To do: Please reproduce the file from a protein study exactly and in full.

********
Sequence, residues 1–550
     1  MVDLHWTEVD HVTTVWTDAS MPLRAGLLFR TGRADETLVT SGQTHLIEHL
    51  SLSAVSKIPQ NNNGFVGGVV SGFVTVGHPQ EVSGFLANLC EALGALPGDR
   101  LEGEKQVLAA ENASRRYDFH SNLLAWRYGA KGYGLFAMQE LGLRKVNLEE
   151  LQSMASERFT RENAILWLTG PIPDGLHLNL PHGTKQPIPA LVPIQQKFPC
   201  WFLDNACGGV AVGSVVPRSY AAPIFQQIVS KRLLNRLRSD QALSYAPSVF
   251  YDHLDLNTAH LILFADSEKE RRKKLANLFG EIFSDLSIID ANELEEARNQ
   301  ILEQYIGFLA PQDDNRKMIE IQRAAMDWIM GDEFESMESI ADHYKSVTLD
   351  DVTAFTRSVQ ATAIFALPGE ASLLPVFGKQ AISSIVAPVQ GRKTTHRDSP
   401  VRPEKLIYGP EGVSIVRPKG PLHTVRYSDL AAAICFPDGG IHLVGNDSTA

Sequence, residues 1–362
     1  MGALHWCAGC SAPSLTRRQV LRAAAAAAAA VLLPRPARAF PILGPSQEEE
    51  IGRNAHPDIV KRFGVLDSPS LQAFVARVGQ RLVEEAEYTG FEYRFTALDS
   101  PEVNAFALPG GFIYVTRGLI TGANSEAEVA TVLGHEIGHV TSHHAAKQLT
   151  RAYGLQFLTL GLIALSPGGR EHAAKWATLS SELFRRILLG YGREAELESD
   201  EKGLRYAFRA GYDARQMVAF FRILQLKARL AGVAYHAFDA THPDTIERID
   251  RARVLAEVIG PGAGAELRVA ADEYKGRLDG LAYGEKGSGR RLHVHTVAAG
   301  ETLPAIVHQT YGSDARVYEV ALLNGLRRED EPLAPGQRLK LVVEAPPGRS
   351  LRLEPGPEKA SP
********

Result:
Sequence, residues 1–550
     1  MVDLHWTEVD HVTTVWTDAS MPLRAGLLFR TGRADETLVT SGQTHLIEHL
    51  SLSAVSKIPQ NNNGFVGGVV SGFVTVGHPQ EVSGFLANLC EALGALPGDR
   101  LEGEKQVLAA ENASRRYDFH SNLLAWRYGA KGYGLFAMQE LGLRKVNLEE
   151  LQSMASERFT RENAILWLTG PIPDGLHLNL PHGTKQPIPA LVPIQQKFPC
   201  WFLDNACGGV AVGSVVPRSY AAPIFQQIVS KRLLNRLRSD QALSYAPSVF
   251  YDHLDLNTAH LILFADSEKE RRKKLANLFG EIFSDLSIID ANELEEARNQ
   301  ILEQYIGFLA PQDDNRKMIE IQRAAMDWIM GDEFESMESI ADHYKSVTLD
   351  DVTAFTRSVQ ATAIFALPGE ASLLPVFGKQ AISSIVAPVQ GRKTTHRDSP
   401  VRPEKLIYGP EGVSIVRPKG PLHTVRYSDL AAAICFPDGG IHLVGNDSTA

Sequence, residues 1–362
     1  MGALHWCAGC SAPSLTRRQV LRAAAAAAAA VLLPRPARAF PILGPSQEEE
    51  IGRNAHPDIV KRFGVLDSPS LQAFVARVGQ RLVEEAEYTG FEYRFTALDS
   101  PEVNAFALPG GFIYVTRGLI TGANSEAEVA TVLGHEIGHV TSHHAAKQLT
   151  RAYGLQFLTL GLIALSPGGR EHAAKWATLS SELFRRILLG YGREAELESD
   201  EKGLRYAFRA GYDARQMVAF FRILQLKARL AGVAYHAFDA THPDTIERID
   251  RARVLAEVIG PGAGAELRVA ADEYKGRLDG LAYGEKGSGR RLHVHTVAAG
   301  ETLPAIVHQT YGSDARVYEV ALLNGLRRED EPLAPGQRLK LVVEAPPGRS
   351  LRLEPGPEKA SP